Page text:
When my son was six months or so I was up late with him one night and flipped on the TV as I fed him a bottle. There was some terrible old John Wayne movie on where Wayne and two other soldiers are struggling across the desert with a baby (for some reason). They ran out of water and the baby was thirsty. And I just started crying, for the very first time in my adult life. They don't have any water for the baby!

My son is nine now but if that movie came on right now I would change the channel.
posted by LarryC at 10:26 PM on March 9, 2009 [10 favorites]


but you refuse to accept that there might be a one in a million chance that the same parent could forget THEIR SLIPPERS.

Uh, no I don't. It's just not likely at all if you are truly motivated. More importantly it doesn't matter if it's fail-safe.

The vast majority of people do not employ the obsessively rigid thought patterns you evidently believe are a baseline of normal functioning.

I've been held more accountable at certain jobs for not making such slip-ups. I don't understand why parents should be held to lower standards than pilots. Children are more important than planes.


If a parent is capable of forgetting the kid in the back seat, what makes you think they'll remember that doing so might land them in jail? What makes you think they'll remember the slippers?

You don't "remember" the slipper, it is a strategy designed to bypass memory. There is nothing to remember. I don't know why such strategies are so offensive to people here. A baby pulling out all of its hair before cooking to death is more offensive to me. People should be held accountable for managing their memories when they volunteer for positions of extreme responsibility that put others at danger.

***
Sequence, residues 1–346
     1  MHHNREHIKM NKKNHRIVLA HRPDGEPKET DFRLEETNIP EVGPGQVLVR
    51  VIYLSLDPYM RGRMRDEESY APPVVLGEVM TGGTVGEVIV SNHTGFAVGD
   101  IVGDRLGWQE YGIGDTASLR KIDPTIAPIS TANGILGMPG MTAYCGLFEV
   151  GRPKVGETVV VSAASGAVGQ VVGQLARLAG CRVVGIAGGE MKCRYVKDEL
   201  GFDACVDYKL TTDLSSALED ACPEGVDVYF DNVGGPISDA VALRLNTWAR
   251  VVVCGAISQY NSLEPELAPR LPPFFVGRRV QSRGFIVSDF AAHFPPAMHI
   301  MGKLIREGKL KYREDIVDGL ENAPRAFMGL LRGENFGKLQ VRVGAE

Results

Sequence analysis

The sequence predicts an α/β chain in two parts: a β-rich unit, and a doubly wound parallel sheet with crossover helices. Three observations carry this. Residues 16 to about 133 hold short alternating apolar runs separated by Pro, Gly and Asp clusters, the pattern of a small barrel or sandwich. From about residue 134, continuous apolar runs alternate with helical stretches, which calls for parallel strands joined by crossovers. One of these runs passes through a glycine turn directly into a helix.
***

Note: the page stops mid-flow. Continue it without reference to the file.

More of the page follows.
If being a parent is too hard because you have to buy some slippers (!) then for the love of God please don't be a parent.

Which is why a campaign to teach people why, because of the human brain's foibles, it could happen to them - and here are some tips to help avoid or minimize those neural glitches - would be far more effective than threatening prosecution and jailtime in cases (like this one) that don't warrant it.

I would like to see both. I don't see why it doesn't warrant a negligent homicide charge. We can't help that our memory is faulty, but we can help it if we choose to not use simple, available, virtually fail-safe methods to compensate for that. A self-monitoring strategy that is also demanded by many types of ordinary jobs. And so what if a parent just doesn't want to be inconvenienced by the slippers? Maybe the next mom would rather watch soap operas than make sure her toddler doesn't wander into the backyard and get eaten by the rottweiler. I don't see why forgetting your child in a burning hot car is less negligent than a lot of other equally preventable negligent behaviors.
posted by dgaicun at 10:35 PM on March 9, 2009


"Um, yeah, except I never said anything about the greatness of dictatorship. If you think the law is fascist, then you are an extreme anarchist."

Arguing that moral authority is embodied in the law is a fascist ideal. "Fascism reasserts the Rights of the State as expressing the real essence of the individual." Your aims are manifestly impractical, thus idealistic.

"If you think what I am saying is empirically wrong about the effect of authority and emotions in directing human psychology, then I can direct you to a large body of literature that says otherwise.